• Nausea
  • Vomiting
  • Abdominal pain
  • Dark urine
  • Jaundice

While most people recover fully within a few months, complications such as liver failure may occur in older adults or individuals with pre-existing liver conditions.

Treatment & Prevention

There is no specific treatment for hepatitis A. Some preventive measures include the following:

  • Rest, proper nutrition and staying hydrated are recommended during recovery.
  • Get vaccinated against the hepatitis A virus.
  • Practising good hand hygiene, consuming safe drinking water and maintaining proper sanitation practices also help minimise the risk of transmission.

4. Giardiasis

Giardiasis is caused by a microscopic parasite called Giardia lamblia, which is found in contaminated water sources such as rivers, lakes and ponds. Ingesting the parasite through contaminated food or water can lead to the infection.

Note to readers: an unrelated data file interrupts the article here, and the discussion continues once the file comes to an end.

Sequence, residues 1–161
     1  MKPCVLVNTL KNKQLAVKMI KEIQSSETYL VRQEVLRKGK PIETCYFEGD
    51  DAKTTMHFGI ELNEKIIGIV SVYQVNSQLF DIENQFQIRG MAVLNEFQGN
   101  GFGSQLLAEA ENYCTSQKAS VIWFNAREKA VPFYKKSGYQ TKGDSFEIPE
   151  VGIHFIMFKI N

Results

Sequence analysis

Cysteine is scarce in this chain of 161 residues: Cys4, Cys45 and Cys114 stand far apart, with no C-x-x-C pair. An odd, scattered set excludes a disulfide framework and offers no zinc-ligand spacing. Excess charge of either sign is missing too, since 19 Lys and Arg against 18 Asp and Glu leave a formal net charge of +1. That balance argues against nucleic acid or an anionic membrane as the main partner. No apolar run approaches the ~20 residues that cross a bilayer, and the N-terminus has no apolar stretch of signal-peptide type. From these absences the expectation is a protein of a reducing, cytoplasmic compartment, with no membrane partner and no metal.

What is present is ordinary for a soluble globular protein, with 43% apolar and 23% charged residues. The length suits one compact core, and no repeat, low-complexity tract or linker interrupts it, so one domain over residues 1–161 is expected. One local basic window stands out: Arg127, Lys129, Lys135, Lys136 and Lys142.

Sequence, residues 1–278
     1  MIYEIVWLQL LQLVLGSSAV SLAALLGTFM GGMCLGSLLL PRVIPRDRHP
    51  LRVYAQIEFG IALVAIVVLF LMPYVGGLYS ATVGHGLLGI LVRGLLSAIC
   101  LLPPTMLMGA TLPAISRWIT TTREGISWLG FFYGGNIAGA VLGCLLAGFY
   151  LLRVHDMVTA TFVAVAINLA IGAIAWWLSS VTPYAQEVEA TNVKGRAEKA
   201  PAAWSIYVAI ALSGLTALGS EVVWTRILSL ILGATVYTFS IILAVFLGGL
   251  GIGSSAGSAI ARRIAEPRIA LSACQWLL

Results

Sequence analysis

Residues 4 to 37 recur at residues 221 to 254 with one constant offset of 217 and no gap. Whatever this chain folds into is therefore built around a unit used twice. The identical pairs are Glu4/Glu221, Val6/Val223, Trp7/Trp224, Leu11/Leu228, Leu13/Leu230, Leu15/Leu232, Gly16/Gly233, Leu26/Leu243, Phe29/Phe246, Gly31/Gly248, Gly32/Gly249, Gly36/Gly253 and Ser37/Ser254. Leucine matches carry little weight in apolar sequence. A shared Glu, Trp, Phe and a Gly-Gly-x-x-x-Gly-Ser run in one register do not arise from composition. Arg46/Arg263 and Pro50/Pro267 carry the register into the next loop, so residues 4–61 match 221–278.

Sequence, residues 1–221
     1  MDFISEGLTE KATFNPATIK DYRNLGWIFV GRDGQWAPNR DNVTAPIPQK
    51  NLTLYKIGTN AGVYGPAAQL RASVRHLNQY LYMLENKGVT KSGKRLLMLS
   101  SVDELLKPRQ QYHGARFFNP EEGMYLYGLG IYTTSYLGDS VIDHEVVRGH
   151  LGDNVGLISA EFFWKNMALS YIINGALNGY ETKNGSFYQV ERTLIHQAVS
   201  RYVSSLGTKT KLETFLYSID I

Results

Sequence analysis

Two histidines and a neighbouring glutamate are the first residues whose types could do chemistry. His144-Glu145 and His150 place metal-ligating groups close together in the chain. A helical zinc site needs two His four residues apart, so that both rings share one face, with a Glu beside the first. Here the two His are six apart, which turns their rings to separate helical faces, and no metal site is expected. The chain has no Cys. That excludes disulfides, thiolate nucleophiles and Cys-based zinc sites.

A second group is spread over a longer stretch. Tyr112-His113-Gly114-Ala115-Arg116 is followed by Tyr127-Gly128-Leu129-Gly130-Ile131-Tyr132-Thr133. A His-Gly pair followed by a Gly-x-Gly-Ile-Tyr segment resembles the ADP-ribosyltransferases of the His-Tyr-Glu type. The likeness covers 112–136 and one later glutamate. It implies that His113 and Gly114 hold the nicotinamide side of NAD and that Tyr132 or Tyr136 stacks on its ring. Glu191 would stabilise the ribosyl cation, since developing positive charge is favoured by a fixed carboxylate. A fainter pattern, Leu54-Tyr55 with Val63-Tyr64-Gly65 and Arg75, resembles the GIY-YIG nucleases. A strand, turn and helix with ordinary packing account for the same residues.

Symptoms of giardiasis include:

  • Diarrhoea
  • Abdominal pain
  • Bloating
  • Nausea
  • Weight loss
  • Dehydration

If not treated promptly, complications such as malabsorption of nutrients and weakening of the immune system may occur.


The treatment for giardiasis usually involves medication to kill the parasites. Antibiotics like metronidazole or tinidazole are commonly prescribed.


Prevention of giardiasis involves practising good hygiene and taking precautions while consuming food and water. Some preventive measures include:

  • Use water filters or purifiers to remove any potential contaminants.
  • Wash your hands thoroughly with soap and clean water before eating or preparing meals.